Van Mispelaar V. G. et al., 2005, “Novel System for Classifying Chromatographic Applications, Exemplified by Comprehensive Two Dimensional Gas Chromatography and Multivariate Analysis”, Journal of Chromatography A., 1071 (2005) pp. 229-237.

1—Determination of the Concentrations of a Certain Number of Predefined Compounds

The compounds are identified by their retention times on the two axes (that is the maximum time of a zone). The surface area of the zone is converted to concentration by calibration. A clear return to the base line between two zones is assumed in this analysis. The base line corresponds to the signal recorded in the absence of compounds (that is in the presence of the mobile phase alone).

2—Determination of the Concentrations of Peak Groups

For some applications, the number of peaks is several ten thousands with strong co-elutions. It is then practically impossible to identify each peak individually. The goal is to group them together according to pseudo-components having common chemical or structural properties (same chemical type (structural homologs), same number of carbon atoms, same number of double bonds, same number of aromatic rings, etc.).

3—Determination of the Similarities and Differences Between Several Analyses

The goal is to automatically determine the differences in terms of presence and concentration of compounds. Image processing and classification techniques are used. These techniques are used in particular for follow-up analyses or for sample screening, while disregarding the analytical details.

There are three types of operating methods for implementing this type of analysis.

Mode 1. The principle is as follows:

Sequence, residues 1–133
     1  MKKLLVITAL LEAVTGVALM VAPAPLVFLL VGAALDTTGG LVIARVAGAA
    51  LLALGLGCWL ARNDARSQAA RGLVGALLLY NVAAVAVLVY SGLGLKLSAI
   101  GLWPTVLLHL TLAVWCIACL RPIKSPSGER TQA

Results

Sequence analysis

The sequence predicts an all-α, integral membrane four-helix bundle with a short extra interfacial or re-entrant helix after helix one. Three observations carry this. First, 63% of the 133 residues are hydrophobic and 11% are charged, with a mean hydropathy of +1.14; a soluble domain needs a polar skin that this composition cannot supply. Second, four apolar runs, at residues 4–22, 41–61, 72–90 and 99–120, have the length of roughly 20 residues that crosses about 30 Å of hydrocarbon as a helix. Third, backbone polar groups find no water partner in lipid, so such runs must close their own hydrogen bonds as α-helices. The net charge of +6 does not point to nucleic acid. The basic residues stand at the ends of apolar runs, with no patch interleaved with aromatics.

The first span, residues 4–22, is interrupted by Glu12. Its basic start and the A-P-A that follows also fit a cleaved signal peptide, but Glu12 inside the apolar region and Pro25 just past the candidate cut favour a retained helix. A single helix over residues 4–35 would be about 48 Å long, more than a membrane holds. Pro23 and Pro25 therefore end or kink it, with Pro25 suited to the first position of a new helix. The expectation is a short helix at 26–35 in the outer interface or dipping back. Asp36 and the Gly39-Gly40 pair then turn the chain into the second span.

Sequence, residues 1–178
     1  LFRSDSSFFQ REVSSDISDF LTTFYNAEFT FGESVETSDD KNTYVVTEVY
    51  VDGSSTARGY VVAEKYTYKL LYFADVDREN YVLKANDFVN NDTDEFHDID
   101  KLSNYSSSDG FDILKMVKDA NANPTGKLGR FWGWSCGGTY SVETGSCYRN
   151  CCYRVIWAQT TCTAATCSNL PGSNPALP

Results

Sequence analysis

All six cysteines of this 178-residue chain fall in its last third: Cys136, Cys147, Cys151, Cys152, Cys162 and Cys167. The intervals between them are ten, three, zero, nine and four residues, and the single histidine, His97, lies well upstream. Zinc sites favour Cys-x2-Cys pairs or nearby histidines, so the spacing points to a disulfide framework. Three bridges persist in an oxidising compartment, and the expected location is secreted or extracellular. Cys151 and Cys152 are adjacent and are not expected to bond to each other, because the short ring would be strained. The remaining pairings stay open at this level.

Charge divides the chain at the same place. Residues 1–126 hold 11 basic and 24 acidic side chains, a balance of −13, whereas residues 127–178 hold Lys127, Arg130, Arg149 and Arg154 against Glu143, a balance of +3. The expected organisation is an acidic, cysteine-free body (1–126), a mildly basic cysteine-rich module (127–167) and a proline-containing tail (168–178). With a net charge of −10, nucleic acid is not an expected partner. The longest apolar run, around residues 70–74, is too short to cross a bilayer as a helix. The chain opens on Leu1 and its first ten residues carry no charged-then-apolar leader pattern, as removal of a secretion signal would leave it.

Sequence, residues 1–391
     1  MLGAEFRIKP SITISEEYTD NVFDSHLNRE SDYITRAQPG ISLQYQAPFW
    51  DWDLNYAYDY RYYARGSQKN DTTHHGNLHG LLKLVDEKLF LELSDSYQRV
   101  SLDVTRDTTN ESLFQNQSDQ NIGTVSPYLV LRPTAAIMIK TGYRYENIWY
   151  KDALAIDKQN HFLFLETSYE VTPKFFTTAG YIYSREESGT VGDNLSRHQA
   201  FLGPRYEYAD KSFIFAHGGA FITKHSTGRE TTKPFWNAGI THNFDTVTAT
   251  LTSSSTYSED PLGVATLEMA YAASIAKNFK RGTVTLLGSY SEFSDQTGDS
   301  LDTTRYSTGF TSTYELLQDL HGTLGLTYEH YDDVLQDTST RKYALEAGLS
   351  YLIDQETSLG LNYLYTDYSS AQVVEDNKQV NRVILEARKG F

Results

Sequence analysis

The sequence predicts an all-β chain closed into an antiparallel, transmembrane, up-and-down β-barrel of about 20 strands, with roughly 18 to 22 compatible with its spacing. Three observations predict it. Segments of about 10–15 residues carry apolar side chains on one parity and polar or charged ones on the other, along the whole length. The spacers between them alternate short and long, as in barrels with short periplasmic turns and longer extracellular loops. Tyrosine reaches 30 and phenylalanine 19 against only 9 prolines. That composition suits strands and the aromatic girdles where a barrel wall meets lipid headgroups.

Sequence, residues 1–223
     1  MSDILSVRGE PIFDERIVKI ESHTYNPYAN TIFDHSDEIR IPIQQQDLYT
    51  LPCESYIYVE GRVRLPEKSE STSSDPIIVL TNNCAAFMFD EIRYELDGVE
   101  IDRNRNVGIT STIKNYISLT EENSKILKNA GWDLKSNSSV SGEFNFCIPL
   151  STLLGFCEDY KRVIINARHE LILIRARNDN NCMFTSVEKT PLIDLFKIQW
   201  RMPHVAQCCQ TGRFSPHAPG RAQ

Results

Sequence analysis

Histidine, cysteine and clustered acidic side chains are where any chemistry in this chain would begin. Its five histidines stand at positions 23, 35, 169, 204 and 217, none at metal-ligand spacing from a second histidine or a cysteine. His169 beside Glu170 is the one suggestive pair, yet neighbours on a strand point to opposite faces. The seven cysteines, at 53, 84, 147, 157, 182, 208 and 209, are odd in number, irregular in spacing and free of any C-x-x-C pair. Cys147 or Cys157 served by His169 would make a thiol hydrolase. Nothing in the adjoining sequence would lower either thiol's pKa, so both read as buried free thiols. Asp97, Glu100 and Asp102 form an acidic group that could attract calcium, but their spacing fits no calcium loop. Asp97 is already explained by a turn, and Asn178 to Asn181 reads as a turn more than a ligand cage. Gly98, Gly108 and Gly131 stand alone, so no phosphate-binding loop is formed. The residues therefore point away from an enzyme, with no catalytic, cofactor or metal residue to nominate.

Definition of a generic mask of contour zones for each constituent (or blob) for an image type. Meta-data (name of the component, properties of the component) are possibly added.

Application of the mask to a new image.

Manual modification of the blobs to determine the exact position in the new image of each contour so as to take account of (i) the experimental uncertainties and of (ii) the variations linked with the concentration of the constituents.

This operating method is provided in the software GC Image® (Zoex, USA). This operating method is difficult to apply: in fact, the definition of the contour zones of each blob greatly depends on the user and on the way the individual peaks are defined from the complete image. The method is therefore neither very accurate nor very repeatable.

Mode 2. The principle is as follows:

Automatic determination of all the peaks of the image by image analysis

One-to-one association of a peak with a blob

Manual assignment of a chemical compound for each blob.

This operating method is described in the publication below. The peaks are determined directly in the image by means of a watershed type algorithm.

S. E. Reichenbach, V. Kottapalli, M. Ni, A. Visvanathan, 2005, Computer Language for Identifying Chemicals with Comprehensive Two-Dimensional Gas Chromatography and Mass Spectrometry, Journal of Chromatography, Vol. 1071, pp. 263-269.